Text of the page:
Mind-Body Strategies for Pain
Relaxation, meditation, imagery, and redirection strategies (such as distraction) may be helpful at reducing pain. These mind-body techniques can help you consciously relax your body, slow your breathing, reduce your blood pressure, and improve your sense of well-being. These techniques can also help you shift your focus to other things besides your pain. For more in-depth information, read HPRC’s InfoReveal on “Mind-body strategies for pain.”
A printable version of this information is here [PDF].
Pain is usually quite stressful, and stress causes muscles to tense, which makes pain worse—creating a cycle of pain. Mind-body techniques such as relaxation, meditation, guided imagery, and redirection release tension, reduce negative thoughts about pain, and may cancel out some of the negative effects of stress. They also are used to calm emotions and improve sleep—both of which can also improve pain.
The good things about mind-body techniques are that they can be done virtually anywhere, take only a short amount of time, and can be used along with other pain treatments.
What We Know
The National Center for Complementary and Alternative Medicine (NCCAM) "Relaxation Techniques for Health" web page describes relaxation techniques as “a number of practices such as progressive muscle relaxation, self-hypnosis, and deep breathing exercises. The goal is similar in all: to consciously produce the body's natural relaxation response, characterized by slower breathing, lower blood pressure, and a feeling of calm and well-being.” There is some evidence that relaxation techniques may be helpful for reducing pain (as part of a larger treatment plan), specifically pain from tension or migraine headaches, abdominal pain, and surgery pain.
- The American Chronic Pain Association has a guided relaxation script and audio/video.
- Recordings provided by the Veterans Health Administration offer guided relaxation in Relaxed Breathing, Passive Muscle Relaxation, Progressive Muscle Relaxation, Visualization, and Mindfulness and Meditation.
HPRC has a video on Breathing Exercises for Optimized Performance that demonstrates three breathing strategies for human performance optimization: Deep Breathing, Alternate Nostril Breathing, and Fast-Paced Breathing. Or you can download a written instruction sheet that will take you through each step by step.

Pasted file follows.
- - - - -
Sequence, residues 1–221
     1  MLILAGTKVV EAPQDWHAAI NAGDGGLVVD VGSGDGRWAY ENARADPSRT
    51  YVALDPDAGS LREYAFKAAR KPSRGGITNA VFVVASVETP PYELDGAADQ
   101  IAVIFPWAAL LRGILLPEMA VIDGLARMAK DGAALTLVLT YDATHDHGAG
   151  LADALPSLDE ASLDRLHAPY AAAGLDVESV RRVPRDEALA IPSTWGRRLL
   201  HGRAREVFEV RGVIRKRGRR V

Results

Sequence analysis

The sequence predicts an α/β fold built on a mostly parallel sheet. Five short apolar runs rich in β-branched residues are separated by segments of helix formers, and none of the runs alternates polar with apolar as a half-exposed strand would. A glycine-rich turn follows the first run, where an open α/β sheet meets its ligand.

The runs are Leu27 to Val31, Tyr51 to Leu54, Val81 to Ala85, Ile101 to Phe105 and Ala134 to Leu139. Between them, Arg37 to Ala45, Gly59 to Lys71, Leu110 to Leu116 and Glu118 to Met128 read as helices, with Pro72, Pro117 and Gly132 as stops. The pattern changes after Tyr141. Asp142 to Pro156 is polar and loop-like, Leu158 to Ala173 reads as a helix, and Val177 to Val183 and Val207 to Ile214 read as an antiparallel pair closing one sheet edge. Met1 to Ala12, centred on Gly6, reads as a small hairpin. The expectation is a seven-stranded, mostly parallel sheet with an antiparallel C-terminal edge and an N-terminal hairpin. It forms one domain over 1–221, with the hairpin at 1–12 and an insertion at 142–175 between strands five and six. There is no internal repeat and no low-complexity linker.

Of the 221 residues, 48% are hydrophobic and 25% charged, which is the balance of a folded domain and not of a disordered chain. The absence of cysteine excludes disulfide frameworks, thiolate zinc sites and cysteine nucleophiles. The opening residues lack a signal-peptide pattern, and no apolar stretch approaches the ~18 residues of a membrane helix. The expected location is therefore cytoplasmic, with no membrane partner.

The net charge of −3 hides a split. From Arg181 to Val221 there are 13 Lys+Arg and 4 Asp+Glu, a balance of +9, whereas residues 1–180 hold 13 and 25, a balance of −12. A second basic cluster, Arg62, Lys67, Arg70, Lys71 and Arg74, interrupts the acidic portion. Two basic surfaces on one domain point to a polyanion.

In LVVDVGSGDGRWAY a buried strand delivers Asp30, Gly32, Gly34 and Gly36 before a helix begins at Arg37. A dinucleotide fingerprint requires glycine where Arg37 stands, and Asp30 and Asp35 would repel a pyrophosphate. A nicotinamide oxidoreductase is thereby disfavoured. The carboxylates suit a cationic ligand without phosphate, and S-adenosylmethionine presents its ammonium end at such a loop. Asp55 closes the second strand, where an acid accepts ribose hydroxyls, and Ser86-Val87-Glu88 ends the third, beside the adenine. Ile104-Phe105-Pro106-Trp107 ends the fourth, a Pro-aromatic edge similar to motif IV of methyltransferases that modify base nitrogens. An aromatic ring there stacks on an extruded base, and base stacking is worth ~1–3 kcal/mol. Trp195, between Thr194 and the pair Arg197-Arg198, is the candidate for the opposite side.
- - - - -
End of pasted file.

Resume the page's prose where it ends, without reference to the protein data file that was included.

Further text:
The War Related Illness & Injury Center (WRIISC) has a handout on two types of controlled breathing: alternate nostril breathing and ocean breath.
The Defense Centers of Excellence has three mobile relaxation apps—T2 Mood Tracker, Breathe2Relax, and Tactical Breather—designed to reduce stress.
RealWarriors.net offers a relaxation script.
Meditation can be defined and practiced many ways. In general, meditation trains you to have a focused and calm mind and rhythmic breathing. It may sound easy, but it requires practice. The payoffs are improved well-being, reduced pain, and relaxation. Meditation is believed to reduce pain by reducing stress, but more research is needed to gain a better understanding of how meditation impacts chronic pain.2
Mindfulness meditation is a type of meditation that often is researched as a pain management tool. Mindfulness meditation helps you focus on what is happening in the present. The idea is that you can gain a better understanding of your body, your thoughts, and your surroundings as a way to accept the world. Mindfulness Based Stress Reduction (MBSR) is a structured form of mindfulness meditation. This type of meditation can improve your sense of well-being and reduce stress, depression, and pain.3 Shamatha meditation, or mindfulness meditation, can significantly reduce pain intensity.4
Here are some meditation resources you can try at home:
- RealWarriors.net has some meditation guidelines.
- The University of Michigan has a few meditation audio files.
- UC San Diego has MBSR audio files available for download.
Imagery is a method in which you visualize activities or places that stimulate your senses; there are various methods, including guided imagery, creative imagery, and motor imagery. Many people try to imagine things with all five senses. You can use either a practitioner or a recording to guide your imagery session. Or just simply sit quietly and let your mind go free. Also, listening to a recording of a happy personal memory three times per week (as a guided imagery activity) for three weeks can be helpful for migraines and other headaches.5
Here are some examples of imagery you can try out:
- A Guided Imagery Exercise from Kansas State University (text or audio file).
- The University of Michigan has guided imagery audio you can download to an MP3 player.
- Creative imagery from the Association for Applied Sport Psychology.